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During busy times (like now), it's very unusual for an actual experienced realtor to be sitting at an open house. IME, most of the "realtors" that sit at the open house are the low person on the totem pole in an office. They seldom even read about the house they are in, and are pretty useless as far as making a sale. Open houses are mostly just an opportunity for other realtors to check the property out.
This. My DW has done 3 open houses in her almost 20 year career. All of them in the first 3 months of business. She used them to find clients that weren't represented.
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Old 06-03-2021, 11:32 AM   #65
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Doubtful. Aside from the noisy data, at ~1M/year legal immigration seems to still be near a high point except for the turn-of-the-last-century Ellis Island days.

https://www.migrationpolicy.org/prog...nent-Residents

I would guess that 2020 will be a bust due to Covid restrictions.
Permanent residents make up only one part of the number of legal immigrant workers coming to the US, and even this modest reduction is an accumulated 300K workers not in the labor force. With the retirement of baby boomers, immigration probably would have grown by that number in the same period.
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Old 06-03-2021, 05:20 PM   #66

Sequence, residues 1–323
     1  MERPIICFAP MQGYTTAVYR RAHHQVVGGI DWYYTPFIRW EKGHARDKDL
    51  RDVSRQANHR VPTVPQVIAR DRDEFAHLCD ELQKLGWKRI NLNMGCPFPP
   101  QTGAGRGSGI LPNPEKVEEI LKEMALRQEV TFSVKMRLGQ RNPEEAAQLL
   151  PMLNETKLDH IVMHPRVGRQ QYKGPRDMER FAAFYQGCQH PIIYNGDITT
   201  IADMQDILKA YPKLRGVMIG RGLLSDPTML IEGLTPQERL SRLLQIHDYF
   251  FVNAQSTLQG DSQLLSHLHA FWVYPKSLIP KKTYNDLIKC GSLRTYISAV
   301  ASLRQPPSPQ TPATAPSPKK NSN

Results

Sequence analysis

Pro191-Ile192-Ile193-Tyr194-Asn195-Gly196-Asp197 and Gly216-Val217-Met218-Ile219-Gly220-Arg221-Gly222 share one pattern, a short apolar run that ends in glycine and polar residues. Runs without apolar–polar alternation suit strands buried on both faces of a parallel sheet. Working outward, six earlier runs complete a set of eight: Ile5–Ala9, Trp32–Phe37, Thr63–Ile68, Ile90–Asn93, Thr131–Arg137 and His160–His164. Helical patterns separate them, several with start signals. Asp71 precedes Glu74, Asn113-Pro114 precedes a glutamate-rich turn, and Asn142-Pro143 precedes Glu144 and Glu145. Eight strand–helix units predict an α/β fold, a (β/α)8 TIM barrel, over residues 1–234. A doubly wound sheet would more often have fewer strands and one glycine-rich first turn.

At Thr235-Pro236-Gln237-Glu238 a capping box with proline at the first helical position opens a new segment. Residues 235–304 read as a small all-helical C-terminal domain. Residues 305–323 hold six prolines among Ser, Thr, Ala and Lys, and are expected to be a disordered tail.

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During busy times (like now), it's very unusual for an actual experienced realtor to be sitting at an open house. IME, most of the "realtors" that sit at the open house are the low person on the totem pole in an office. They seldom even read about the house they are in, and are pretty useless as far as making a sale. Open houses are mostly just an opportunity for other realtors to check the property out.
You may be correct in general, but we found our Hawaii realtor AT an open house. She was knowledgeable about the house she was tending. She was knowledgeable about the market. She knew what questions to ask us (what exactly are you looking for in terms of price, location, view, amenities, size, willingness to rehab, #BR/Baths, etc. and where are you now, what did you pay/when, what condition is it, how much can you put down, how are your finances, what is your credit rating, on and on ?) Then, she alerted us to a "trick" that we did not know (maybe true in other states as well): Hawaii has open houses every Sunday BUT virtually every property ALSO has a Thursday open house for realtors. The public is NOT excluded from these, but they ARE to familiarize realtors with the properties in the MLS books.

This realtor gave us her card but didn't apply any pressure to choose her. As we began visiting Sunday AND Thursday open houses (doubled the places we could see in a week) her name would come up. EVERY realtor we met knew her by name and reputation. They couldn't help themselves complimenting her ethics and abilities. Guess who we chose as our buying agent and later selling agent? YMMV as always.
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Old 06-03-2021, 05:57 PM   #67
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Y